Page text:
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National ID: Who will protect us from the "The System?"
By Dave Jansen
The American Association of Motor Vehicle Administrators (AAMVA) proposes to set uniform standards for driver's licenses for all states and to link the state driver's license databases. Reps. Jim Moran (D-VA) & Tom Davis (R-VA) have introduced it as "Driver's License Modernization Act of 2002." On the surface this sounds feasible technologically. However, it has three major problems: creating an infrastructure for a national identification system, securing the data and maintaining data integrity. It also creates a data collection system.
The AAMVA contends this is not a proposal for a national identification system but would merely link all state ID systems in one federal data store.
"The recent AAMVA proposal to link state motor-vehicle databases is a nationwide identity system," says a recent National Academy Press report, "IDs--Not That Easy: Questions About Nationwide Identity Systems. [see: http://www.nap.edu/books/030908430X/html/ ] It could allow for other federal and private data to be linked as well such as driving history, criminal records, financial records, tax records, health information, library activity, etc. Is it necessary to have this information publicly and easily accessible?
"I've done nothing wrong, I have nothing to hide" is a common refrain. Due to security flaws and data integrity issues, you may be accused of wrongdoing anyway. Would a national ID system increase national security and stop terrorists? By creating an identification system on the federal level, we only make fraud and forgery easier.
Securing the data simply refers to making sure the data in this national system is not used for fraudulent or malicious means. A person attempting to gain access to anyone in the United States would only need to circumvent one security standard. Creating an easier target for our personal information will only lead to an increase in fraud and identity theft-in effect making it easier for terrorists to create or steal ID's. The AAMVA proposal would "put all your eggs in one basket" with your personal information.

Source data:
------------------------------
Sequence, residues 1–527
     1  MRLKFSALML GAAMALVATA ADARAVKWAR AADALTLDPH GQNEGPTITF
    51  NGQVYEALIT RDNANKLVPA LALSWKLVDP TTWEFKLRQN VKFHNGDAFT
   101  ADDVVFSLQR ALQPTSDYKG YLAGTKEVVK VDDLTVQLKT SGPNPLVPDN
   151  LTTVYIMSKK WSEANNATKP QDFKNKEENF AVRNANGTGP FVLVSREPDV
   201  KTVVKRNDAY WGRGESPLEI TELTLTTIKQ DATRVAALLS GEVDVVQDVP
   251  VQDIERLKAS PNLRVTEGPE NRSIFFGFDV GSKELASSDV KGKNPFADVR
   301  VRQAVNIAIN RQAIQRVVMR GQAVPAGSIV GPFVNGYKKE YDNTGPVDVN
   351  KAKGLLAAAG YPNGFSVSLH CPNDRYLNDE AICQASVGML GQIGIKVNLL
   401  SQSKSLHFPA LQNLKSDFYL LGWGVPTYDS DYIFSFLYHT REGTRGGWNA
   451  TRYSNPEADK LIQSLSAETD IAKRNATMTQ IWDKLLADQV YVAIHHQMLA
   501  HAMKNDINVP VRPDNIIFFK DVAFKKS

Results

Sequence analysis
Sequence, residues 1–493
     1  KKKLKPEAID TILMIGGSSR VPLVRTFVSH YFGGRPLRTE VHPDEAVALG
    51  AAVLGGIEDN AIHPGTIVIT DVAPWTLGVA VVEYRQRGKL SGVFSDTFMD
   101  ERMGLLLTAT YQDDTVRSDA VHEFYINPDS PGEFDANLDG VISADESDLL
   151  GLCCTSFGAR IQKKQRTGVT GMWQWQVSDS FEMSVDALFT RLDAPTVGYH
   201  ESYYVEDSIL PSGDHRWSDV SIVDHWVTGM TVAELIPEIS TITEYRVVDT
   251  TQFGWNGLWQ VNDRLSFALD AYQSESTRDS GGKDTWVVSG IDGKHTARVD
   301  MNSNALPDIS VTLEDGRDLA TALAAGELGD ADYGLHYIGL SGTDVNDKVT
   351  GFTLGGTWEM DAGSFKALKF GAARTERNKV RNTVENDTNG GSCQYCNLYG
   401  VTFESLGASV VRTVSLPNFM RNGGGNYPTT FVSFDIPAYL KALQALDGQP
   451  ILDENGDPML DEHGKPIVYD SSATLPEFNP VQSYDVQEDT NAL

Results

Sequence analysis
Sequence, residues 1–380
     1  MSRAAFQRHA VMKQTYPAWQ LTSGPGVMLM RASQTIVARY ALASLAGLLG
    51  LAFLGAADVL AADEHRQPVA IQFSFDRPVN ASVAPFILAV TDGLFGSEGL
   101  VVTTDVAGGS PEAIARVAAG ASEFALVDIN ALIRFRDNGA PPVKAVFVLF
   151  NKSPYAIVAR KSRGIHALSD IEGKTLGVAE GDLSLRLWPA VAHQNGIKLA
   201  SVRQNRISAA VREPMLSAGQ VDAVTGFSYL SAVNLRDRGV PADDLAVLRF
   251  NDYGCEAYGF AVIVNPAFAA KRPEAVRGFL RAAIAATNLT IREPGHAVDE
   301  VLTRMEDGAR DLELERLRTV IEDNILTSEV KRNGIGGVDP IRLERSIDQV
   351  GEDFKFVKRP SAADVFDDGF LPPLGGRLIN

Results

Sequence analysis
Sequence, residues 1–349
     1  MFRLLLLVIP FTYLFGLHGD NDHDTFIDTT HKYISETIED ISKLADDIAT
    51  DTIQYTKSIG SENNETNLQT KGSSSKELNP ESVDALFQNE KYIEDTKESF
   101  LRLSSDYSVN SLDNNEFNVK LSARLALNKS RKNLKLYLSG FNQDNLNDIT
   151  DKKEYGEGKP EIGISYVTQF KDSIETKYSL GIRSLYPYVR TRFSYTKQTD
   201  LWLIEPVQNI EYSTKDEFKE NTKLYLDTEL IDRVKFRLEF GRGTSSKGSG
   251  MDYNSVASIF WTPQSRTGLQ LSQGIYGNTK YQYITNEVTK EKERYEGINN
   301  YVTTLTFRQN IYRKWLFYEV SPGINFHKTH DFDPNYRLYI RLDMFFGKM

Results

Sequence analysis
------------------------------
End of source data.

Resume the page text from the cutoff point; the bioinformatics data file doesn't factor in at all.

Most computer fraud and security breeches come from within an organization, as opposed to terrorists half a world away or 14 year olds with too much time on their hands. According to "Information Security: Serious Weaknesses Place Critical Federal Operations and Assets at Risk" (AIMD-98-92) and other GAO reports, all federal agencies have serious security weaknesses "with inadequately restricted access to sensitive data being the most commonly cited problem." Not only do serious security problems exist within federal systems, but most malicious activity is undetected "because agencies have not introduced effective controls to identify suspicious activity in their networks and computer systems."
Abuse from inside is common. It may not be terrorists accessing the system, but it may be government or private employees snooping through our personal information. Without safeguards or controls in place, it is only a matter of time before information is read, altered or copied without our knowledge or consent.
According the General Accounting Office, most federal computer systems are not secure. Yet in the name of national security and thwarting terrorism, we want to create and verify identities using a federal system.
Data integrity refers to the validity of data and can be compromised in a number of ways. The most common forms of generating inaccurate data:
1. Software bugs or viruses
2. Hardware malfunctions
3. Data entry errors (occurring when data is first being recorded into a computer and most often dismissed as typos), and
4. Errors that occur when data is transmitted from one computer to another.
The National ID systems would exist across several computers and computer networks minimizing the impact of disk crashes and other hardware failures. However, any data that was corrupted due to these factors would generally be impossible to detect and correct.
Computer bugs and viruses would be an enormous threat to the National ID system due to the standardization necessary for the system to exist. Once a virus infects one part of the system it could easily spread to the entire system.
Errors in data entry are common and accepted in most industries with error rates as high as 10% but usually acceptable around 3%. Errors that occur when data is transmitted from one computer to another are also fairly common. With such a large scale, the number of errors will be compounded.
The AAMVA proposal does not correct these problems. Data integrity can be corrected, but the task is daunting. Personal information will be replicated across multiple systems. As this occurs, it will be difficult to track and correct.
Most National ID data errors will be detected by the individual. Correcting data errors about yourself could be akin to playing a lifetime game of "Whack-A-Mole". One error pops up, you correct it only to have another show up someplace else-even assuming you can see all errors all the time.
Linking all state databases in one federal database does nothing to stop terrorism but increases the likelihood of fraud, forgery, abuse and misuse.
Dave Jansen is a Cincinnati-based computer consultant.
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